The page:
Total construction starts fell 27% in January to a seasonally adjusted annual rate of $865.6 billion, according to Dodge Construction Network. During the month, nonresidential building starts fell 38%, residential starts lost 20%, and nonbuilding starts declined by 16%.
Comparatively, total construction was 14% lower in January 2023 than in January 2022. Nonresidential building starts were down 2%, nonbuilding starts rose 10%, and residential starts lost 34%. For the 12 months ending January 2023, total construction starts were 13% higher than the 12 months ending January 2022. Nonresidential starts were 36% higher, residential starts lost 6%, and nonbuilding starts were up 19%.
“January’s decline in construction starts should not be taken as the beginning of a cyclical downturn in the industry,” said Richard Branch, chief economist for Dodge Construction Network. “Numerous mega-projects have begun over the last few months, obscuring the underlying trend in construction activity. While some construction sectors will face stress as the year progresses, current fundamentals point to an industry that is fairly well positioned to weather the storm.”
Nonbuilding construction starts fell 16% in January to a seasonally adjusted annual rate of $237 billion. Behind the decline was a very large drop (-76%) in utility/gas plant starts following a brisk December. Elsewhere, environmental public works starts rose 22%, miscellaneous nonbuilding increased 17%, and highway and bridge starts rose 1%.
For the 12 months ending January 2023, total nonbuilding starts were 18% higher than the 12 months ending January 2022. Utility/gas plant starts rose 28%, and highway bridge starts were 20% higher. Environmental public works starts and miscellaneous nonbuilding starts were up 17% and 5% respectively on a 12-month rolling sum basis.
The largest nonbuilding projects to break ground in January were the $750 million High Banks wind farm in Belleville, KS, the $570 million first phase of the Highway 69 express toll lanes in Overland Park, Kansas, and the $492 million CEPP/EAA reservoir in Palm Beach, Florida.
Nonresidential building starts lost 38% in January to a seasonally adjusted annual rate of $340 billion. Manufacturing starts led the pullback in January, falling 91% following the start of several large projects in December. In January, commercial starts dropped 11% with office being the only category to post a gain; while institutional starts increased by 3% thanks to a large gain in education starts.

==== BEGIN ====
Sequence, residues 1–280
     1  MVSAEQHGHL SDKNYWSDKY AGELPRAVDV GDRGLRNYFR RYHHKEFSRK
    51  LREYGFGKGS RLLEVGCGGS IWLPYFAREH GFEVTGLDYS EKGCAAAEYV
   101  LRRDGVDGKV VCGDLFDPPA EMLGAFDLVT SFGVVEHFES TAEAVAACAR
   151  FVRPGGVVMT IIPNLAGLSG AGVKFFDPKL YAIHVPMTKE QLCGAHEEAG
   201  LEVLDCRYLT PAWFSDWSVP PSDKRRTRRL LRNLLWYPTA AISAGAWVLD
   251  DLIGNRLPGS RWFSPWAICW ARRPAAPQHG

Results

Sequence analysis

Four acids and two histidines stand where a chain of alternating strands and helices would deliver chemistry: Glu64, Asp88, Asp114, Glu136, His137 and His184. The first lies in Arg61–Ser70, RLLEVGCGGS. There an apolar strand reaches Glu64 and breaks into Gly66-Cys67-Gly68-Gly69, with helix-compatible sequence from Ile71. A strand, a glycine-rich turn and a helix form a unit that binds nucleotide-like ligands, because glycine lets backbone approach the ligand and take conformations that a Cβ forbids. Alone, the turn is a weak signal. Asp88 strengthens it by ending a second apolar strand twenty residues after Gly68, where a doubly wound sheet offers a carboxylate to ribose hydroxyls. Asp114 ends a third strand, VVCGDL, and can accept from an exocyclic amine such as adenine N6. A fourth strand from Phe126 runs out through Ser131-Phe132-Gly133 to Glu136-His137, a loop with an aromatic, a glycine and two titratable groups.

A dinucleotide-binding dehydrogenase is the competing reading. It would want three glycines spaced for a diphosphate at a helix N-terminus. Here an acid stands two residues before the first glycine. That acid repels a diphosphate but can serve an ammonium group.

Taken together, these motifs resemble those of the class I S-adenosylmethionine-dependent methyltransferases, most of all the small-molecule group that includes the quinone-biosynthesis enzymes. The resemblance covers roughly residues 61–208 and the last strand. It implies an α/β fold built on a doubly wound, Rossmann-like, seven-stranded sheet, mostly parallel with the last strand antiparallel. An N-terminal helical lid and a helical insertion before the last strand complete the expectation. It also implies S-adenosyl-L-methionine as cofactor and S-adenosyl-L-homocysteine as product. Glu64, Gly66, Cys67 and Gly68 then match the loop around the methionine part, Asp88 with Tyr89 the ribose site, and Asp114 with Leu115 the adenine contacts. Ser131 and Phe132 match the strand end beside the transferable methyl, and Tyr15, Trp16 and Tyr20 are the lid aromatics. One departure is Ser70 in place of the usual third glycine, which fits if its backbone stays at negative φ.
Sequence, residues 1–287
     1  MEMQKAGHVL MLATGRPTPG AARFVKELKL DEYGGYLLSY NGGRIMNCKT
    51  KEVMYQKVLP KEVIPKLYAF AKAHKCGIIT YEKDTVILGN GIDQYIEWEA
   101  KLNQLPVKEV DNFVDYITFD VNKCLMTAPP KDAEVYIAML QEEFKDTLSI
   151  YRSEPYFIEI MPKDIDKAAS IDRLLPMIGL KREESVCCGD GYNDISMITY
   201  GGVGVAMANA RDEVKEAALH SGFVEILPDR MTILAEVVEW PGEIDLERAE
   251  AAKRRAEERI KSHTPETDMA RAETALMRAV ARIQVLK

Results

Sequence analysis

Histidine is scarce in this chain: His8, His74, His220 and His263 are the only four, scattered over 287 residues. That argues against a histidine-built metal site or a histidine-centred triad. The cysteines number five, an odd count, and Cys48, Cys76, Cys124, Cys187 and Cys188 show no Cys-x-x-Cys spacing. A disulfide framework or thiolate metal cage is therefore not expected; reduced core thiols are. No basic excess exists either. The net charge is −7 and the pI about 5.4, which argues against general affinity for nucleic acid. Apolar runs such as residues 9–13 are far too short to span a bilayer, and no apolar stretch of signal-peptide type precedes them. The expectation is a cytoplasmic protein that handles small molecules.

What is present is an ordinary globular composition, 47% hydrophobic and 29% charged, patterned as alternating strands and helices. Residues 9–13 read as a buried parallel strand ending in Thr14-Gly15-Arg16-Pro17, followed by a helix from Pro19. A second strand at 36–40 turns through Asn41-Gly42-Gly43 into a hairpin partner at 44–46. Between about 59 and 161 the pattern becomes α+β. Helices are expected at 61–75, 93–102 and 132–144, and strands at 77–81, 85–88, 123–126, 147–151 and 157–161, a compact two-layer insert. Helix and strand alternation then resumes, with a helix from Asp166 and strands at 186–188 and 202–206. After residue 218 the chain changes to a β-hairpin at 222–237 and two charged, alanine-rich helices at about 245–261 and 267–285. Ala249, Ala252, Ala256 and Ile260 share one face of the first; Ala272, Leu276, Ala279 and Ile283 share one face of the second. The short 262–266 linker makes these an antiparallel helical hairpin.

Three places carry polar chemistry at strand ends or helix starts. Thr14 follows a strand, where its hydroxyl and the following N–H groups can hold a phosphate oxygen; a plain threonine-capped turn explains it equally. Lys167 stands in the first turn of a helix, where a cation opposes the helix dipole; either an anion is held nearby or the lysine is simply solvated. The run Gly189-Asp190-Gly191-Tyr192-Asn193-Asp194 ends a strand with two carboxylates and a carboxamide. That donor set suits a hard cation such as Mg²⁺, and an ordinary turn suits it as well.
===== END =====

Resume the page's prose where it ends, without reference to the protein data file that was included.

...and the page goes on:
For the 12 months ending January 2023, total nonresidential building starts were 36% higher than the 12 months ending January 2022. Manufacturing starts were 190% higher, commercial starts gained 22%, and institutional starts moved 17% higher on a 12-month rolling sum basis.
The largest nonresidential building projects to break ground in January were the $1 billion Prime Data Center campus in Elk Grove Village, Illinois, the $515 million Amazon data center in Hilliard, Ohio, and the $460 million CoStar Group corporate campus in Richmond, Virginia.
Residential building starts fell 20% in January to a seasonally adjusted annual rate of $289.2 billion. Single family starts lost 5%, and multifamily starts fell 37%. For the 12 months ending in January 2023, residential starts were 5% lower than the 12 months ending in January 2022. Single family starts were 16% lower, while multifamily starts were up 21% on a rolling 12 month basis.
The largest multifamily structures to break ground in January were a $200 million mixed-use building in Gowanus, New York, a $172 million mixed-use building in Greenpoint, New York, and the $150 million The Cove residential community in Sacramento, California.
Regionally, total construction starts in January fell in all five regions.
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